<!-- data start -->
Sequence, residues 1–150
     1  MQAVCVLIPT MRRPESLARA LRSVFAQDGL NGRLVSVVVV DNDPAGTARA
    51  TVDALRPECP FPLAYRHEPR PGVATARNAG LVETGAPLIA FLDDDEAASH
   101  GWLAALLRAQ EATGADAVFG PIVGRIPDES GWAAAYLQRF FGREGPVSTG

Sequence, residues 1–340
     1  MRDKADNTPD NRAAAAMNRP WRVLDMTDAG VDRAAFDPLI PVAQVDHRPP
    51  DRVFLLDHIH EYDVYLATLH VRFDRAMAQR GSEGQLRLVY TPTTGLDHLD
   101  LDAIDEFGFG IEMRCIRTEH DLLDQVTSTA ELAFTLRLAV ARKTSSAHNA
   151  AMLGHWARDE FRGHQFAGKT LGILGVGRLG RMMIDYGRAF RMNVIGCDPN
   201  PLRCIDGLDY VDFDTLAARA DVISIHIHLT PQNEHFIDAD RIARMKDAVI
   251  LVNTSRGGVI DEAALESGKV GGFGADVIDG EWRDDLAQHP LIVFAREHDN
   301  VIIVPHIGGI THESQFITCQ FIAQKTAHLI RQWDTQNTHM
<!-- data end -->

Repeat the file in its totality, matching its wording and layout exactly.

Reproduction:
Sequence, residues 1–150
     1  MQAVCVLIPT MRRPESLARA LRSVFAQDGL NGRLVSVVVV DNDPAGTARA
    51  TVDALRPECP FPLAYRHEPR PGVATARNAG LVETGAPLIA FLDDDEAASH
   101  GWLAALLRAQ EATGADAVFG PIVGRIPDES GWAAAYLQRF FGREGPVSTG

Sequence, residues 1–340
     1  MRDKADNTPD NRAAAAMNRP WRVLDMTDAG VDRAAFDPLI PVAQVDHRPP
    51  DRVFLLDHIH EYDVYLATLH VRFDRAMAQR GSEGQLRLVY TPTTGLDHLD
   101  LDAIDEFGFG IEMRCIRTEH DLLDQVTSTA ELAFTLRLAV ARKTSSAHNA
   151  AMLGHWARDE FRGHQFAGKT LGILGVGRLG RMMIDYGRAF RMNVIGCDPN
   201  PLRCIDGLDY VDFDTLAARA DVISIHIHLT PQNEHFIDAD RIARMKDAVI
   251  LVNTSRGGVI DEAALESGKV GGFGADVIDG EWRDDLAQHP LIVFAREHDN
   301  VIIVPHIGGI THESQFITCQ FIAQKTAHLI RQWDTQNTHM